I'm not sure if this is a labor saving step or if there is a reason they are done that way. It would certainly be less fussy than making up the little cross shaped cores though. And if you'll be using pins pressed into the core from outside to assemble the joints the bigger amount of metal remaining would take the pressure a little better without a risk of splitting.
              Chilliwack BC, Canada

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              • #8
                Brian: you took the hard way. Not too long ago I made some repair parts for the u-joints on some clock handshafts.
                The cross pieces were cast and too expensive and time consuming to replace so I made rings of the right size to get the job done. Tools needed: lathe for sizing and profiling. Indexer for the four pivot holes and a suitable drilling machine.

                Much simpler, but not quite as much of a challenge as your work. This style joint was somewhat common in the 1800s, but I'm not sure how much of a torque load they would manage.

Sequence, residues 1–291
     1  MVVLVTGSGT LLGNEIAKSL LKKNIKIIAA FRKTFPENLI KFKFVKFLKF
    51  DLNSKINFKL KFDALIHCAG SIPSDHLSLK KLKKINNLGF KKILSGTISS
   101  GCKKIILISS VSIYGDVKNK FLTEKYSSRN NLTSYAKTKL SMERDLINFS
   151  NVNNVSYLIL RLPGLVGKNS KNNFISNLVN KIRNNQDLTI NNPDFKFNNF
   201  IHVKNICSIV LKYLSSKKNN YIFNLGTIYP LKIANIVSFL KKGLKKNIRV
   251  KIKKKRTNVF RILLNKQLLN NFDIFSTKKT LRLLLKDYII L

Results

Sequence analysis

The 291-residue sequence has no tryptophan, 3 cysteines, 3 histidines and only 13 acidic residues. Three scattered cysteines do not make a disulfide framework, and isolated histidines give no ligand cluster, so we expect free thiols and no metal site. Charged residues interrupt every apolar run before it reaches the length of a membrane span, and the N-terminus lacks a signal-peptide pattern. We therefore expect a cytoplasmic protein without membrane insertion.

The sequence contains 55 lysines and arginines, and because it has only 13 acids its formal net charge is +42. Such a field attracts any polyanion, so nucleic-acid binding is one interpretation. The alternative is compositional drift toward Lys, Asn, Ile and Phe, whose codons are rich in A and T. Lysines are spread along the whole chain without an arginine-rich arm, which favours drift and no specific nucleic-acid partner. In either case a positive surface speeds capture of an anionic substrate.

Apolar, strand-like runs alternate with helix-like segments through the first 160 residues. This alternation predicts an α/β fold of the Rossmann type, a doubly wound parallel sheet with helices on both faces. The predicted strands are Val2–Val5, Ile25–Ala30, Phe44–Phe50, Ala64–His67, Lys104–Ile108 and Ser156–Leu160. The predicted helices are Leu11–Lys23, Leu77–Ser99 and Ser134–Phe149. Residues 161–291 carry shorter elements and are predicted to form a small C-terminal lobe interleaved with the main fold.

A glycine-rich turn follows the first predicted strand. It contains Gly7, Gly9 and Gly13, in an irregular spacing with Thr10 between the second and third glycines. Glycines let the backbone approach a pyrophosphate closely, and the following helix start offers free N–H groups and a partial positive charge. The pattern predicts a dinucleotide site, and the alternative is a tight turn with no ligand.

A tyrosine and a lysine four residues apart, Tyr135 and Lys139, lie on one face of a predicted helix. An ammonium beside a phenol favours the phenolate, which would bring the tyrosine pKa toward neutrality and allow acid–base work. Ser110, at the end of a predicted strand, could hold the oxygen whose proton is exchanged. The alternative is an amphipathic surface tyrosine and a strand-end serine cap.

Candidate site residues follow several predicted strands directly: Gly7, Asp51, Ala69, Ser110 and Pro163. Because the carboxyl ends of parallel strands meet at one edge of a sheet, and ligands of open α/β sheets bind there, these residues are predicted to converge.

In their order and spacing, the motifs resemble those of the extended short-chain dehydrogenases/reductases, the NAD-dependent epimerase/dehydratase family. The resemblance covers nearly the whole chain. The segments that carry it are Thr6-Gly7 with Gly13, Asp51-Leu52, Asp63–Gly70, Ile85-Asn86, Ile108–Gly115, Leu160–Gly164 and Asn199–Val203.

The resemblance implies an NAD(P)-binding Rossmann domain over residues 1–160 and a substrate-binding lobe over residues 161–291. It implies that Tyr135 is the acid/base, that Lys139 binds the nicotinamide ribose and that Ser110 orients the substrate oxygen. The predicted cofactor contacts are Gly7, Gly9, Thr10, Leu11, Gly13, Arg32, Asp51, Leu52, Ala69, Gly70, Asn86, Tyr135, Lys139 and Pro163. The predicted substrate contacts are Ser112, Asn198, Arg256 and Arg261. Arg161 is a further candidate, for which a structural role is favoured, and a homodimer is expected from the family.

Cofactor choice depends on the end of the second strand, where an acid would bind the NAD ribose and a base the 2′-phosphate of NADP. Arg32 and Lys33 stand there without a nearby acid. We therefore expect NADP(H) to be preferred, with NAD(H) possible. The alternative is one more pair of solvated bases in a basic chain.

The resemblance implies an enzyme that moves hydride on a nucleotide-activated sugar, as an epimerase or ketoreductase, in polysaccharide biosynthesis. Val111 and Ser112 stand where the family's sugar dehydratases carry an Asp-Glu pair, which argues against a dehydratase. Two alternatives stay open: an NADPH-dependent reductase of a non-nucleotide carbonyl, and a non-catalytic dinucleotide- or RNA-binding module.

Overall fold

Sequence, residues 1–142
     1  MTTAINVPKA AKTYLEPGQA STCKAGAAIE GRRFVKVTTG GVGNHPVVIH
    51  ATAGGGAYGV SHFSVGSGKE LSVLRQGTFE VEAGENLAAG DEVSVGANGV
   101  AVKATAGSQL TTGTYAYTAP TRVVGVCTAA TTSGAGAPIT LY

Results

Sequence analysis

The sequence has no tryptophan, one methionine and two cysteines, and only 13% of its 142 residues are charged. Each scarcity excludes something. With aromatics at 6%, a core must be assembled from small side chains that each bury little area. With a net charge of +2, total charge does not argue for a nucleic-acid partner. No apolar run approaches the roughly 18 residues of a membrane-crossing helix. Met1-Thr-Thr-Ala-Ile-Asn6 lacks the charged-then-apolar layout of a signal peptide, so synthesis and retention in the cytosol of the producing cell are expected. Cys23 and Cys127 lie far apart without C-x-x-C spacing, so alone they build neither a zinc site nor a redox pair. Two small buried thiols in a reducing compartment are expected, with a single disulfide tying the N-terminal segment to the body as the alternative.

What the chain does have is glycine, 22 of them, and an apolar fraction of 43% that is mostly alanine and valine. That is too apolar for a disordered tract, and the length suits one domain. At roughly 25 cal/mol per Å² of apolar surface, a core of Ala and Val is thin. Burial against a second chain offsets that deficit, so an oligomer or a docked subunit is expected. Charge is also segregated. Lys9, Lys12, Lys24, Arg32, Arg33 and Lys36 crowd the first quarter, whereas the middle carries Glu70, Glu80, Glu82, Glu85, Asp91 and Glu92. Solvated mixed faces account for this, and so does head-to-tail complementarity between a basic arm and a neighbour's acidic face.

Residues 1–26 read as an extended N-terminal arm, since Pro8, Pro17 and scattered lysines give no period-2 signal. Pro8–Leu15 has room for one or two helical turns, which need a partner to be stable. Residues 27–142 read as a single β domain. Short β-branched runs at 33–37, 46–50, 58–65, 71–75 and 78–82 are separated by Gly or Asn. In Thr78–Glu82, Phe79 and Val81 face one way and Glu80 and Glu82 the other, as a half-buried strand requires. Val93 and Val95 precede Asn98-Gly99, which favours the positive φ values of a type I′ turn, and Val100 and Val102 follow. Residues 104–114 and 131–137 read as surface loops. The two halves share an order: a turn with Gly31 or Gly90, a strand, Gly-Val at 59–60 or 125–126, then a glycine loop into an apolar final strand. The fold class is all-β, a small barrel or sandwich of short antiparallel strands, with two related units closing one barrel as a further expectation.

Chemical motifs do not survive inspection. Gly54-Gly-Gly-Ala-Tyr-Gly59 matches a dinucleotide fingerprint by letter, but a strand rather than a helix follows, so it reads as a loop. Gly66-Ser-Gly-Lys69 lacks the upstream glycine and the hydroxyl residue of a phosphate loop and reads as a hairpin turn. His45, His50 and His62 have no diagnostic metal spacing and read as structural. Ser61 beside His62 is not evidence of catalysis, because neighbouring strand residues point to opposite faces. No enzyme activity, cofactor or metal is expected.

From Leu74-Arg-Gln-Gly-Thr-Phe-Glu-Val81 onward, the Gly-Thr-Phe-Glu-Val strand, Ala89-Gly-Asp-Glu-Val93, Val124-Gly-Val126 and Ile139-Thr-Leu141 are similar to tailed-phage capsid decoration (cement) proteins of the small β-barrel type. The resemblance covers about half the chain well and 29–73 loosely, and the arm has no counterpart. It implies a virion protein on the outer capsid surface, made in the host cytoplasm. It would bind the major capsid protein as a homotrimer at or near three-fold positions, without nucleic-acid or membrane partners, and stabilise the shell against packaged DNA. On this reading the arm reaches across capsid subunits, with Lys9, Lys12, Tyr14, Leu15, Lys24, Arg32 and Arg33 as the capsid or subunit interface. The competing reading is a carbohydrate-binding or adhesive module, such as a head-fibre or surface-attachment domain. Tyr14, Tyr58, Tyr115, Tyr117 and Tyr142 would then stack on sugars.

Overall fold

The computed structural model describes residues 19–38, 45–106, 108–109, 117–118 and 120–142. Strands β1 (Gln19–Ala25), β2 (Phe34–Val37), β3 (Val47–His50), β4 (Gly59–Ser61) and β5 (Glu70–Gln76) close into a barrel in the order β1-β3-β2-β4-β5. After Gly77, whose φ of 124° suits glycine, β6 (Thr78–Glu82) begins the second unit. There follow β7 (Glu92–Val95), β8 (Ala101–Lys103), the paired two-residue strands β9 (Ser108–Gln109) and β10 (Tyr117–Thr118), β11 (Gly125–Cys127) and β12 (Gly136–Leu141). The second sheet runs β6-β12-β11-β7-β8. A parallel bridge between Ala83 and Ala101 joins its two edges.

Regardless, your work is fascinating.
                gvasale

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                • #9
                  We had an old edge banding machine at one time, and the u-joints went bad- and were not available. I made them myself, hardening the parts and finish grinding the surfaces to suit. It was a rather satisfying project besides saving the day for the machine.
                  I seldom do anything within the scope of logical reason and calculated cost/benefit, etc- I'm following my passion-

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                  • #10
                    Brian, I wish you good luck! You might try searching some of the miniature bearing suppliers for suitable bearings. For example, fishing reel bearings or, if you can get a few, the bearings in hard drives might work. (That requires scrounging/salvaging!) I can recall seeing packages of 10 for about a dollar each.
                    Duffy, Gatineau, Quebec

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                    • #11